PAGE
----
by Michelle Silva | Staff Writer
Although he lived in a country without collegiate basketball opportunities, freshman Sam Lees always dreamed of becoming a collegiate athlete. Since the beginning of his high school career, he made it a goal to make it to the United States to be able to continue playing the game he loves. Last summer, Lees packed his bags and traveled from New Zealand to Spokane to make his dream a reality.
As a shooting guard for the men’s basketball team and a business management major, Lees has his hands full. Apart from balancing the life of being a student-athlete, adjusting to American culture has been one of the biggest challenges, Lees said.
“The tempo here is a lot quicker,” Lees said. “Everything you do has to be that much better.”
Spokane is a different world than New Zealand, but he has no regrets in attending college here, Lees said. The fast pace on the basketball court, and in a classroom setting has pushed him to be a better student-athlete as a whole.
The recruiting process began in Lees’ first year of high school when he joined the New Zealand Academy. The Academy is an organization that assists basketball players in contacting college coaches in the U.S. Because New Zealand universities do not offer collegiate-level athletics, many players have no choice but to study abroad.
In addition to live recruiting at basketball games, students pursue recruitment by emailing skills videos to recruiters. Whitworth basketball coach Damon Jablonski contacted Lees after one of those videos caught his eye.
“The first thing that obviously stood out with Sam was his basketball talent,” Jablonski said. “When we got to know him well throughout the recruiting process, it was obvious that he had the character, passion and work ethic to go along with the talent.”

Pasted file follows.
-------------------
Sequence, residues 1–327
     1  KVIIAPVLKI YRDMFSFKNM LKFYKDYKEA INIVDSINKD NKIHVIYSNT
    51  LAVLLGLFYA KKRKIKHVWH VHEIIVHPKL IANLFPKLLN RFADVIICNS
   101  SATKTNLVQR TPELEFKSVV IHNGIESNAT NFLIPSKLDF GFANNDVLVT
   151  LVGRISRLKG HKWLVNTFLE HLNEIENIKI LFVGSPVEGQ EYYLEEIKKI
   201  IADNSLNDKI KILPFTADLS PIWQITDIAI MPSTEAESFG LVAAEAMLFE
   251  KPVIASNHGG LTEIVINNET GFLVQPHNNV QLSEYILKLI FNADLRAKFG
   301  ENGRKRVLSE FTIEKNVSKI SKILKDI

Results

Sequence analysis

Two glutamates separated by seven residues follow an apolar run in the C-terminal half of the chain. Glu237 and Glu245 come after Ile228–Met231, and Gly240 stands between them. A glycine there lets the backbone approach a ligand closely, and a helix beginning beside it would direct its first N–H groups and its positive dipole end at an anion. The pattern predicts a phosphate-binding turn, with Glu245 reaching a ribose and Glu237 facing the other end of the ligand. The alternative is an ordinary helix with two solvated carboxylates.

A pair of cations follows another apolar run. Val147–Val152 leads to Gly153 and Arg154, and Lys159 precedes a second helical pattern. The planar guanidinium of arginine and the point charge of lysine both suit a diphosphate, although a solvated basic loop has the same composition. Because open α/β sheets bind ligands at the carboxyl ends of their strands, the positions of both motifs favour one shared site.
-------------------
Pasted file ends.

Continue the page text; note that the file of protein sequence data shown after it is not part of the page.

When he was 17 years old, Lees received a phone call from Jablonski and then Skyped with him. Lees realized the quick connection between him and coach and the coach’s kindness impressed him, he said. From that moment forward Lees decided that Whitworth was the place for him.
When asked “Why Whitworth?” Lees mentions the family environment that is within the basketball program and the school itself.
“One of the reasons I came here is because I could tell their relationships were really good,” Lees said, about the Whitworth basketball team. He was shocked at how well the players got along with one another and the way they connected on the court, he said.
Being 6’4 and having a strong accent sets Lees apart from a majority of the student body. American dialogue is different from what he is used to and can make it difficult to communicate at times with his teammates and friends, he said. But this cultural shift does not affect Lees’s ability to create friendships.
“Whether he’s being coached on the basketball court, serving lunch at his job in the cafeteria or playing with the coaches kids he seems to get along with everyone,” Jablonski said.
Out of 25 games Lees has made 12 game appearances and 26 points. This spring, seniors Kenny Love, Derek Isaak, Christian Jurlina and Drew Sears are graduating, and Lees is aware that he has big shoes to fill.
With his freshman year nearing the end, Lees can proudly say that he has achieved his goal of being a collegiate basketball player. Lees gave credit to his club team, New Zealand’s Canterbury Rams Professional, for assisting in his athletic success. Post-graduation Lees wants to permanently live in the U.S. and use his business degree and knowledge of the game to work for the NBA.
However, he is not done yet. Lees plans on working hard in the off-season to improve his skills on the basketball court. Aiming to stay in Spokane this coming summer his goal is to lift weights five days a week, watch basketball film, and to make 40,000 shots on his own before school begins.